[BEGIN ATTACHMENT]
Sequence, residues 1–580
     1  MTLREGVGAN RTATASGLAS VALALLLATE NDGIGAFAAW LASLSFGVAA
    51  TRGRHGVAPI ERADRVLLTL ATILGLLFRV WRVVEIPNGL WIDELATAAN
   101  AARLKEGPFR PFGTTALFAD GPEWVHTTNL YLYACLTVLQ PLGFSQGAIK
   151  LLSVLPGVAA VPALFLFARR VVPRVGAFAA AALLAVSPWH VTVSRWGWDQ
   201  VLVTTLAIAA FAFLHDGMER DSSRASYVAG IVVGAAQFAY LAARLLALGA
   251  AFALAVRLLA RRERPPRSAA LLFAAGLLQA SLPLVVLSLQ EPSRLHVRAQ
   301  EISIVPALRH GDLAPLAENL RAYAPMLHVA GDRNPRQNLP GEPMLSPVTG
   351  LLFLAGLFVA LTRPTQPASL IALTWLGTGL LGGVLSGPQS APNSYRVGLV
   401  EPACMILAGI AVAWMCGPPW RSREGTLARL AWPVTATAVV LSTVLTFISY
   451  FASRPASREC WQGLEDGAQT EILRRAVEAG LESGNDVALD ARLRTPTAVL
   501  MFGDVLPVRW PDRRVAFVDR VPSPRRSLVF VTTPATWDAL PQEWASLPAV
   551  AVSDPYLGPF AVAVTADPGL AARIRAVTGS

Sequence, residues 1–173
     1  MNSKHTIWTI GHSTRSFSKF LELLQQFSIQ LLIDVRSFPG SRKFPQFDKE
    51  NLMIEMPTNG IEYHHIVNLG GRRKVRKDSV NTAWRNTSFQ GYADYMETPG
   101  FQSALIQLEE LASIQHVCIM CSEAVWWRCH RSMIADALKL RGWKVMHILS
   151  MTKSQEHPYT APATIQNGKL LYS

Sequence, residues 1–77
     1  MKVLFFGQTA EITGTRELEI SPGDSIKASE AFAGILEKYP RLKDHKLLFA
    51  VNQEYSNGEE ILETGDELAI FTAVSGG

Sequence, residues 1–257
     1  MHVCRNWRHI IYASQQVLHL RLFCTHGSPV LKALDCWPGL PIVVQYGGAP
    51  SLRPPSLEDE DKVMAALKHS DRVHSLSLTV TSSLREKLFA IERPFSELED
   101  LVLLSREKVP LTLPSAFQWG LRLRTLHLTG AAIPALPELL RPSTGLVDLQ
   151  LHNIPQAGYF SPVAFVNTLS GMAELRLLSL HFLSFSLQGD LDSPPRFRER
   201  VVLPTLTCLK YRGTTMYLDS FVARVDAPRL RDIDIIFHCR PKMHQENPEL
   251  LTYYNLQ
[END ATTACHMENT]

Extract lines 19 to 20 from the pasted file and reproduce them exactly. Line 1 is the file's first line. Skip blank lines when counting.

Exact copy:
Sequence, residues 1–77
     1  MKVLFFGQTA EITGTRELEI SPGDSIKASE AFAGILEKYP RLKDHKLLFA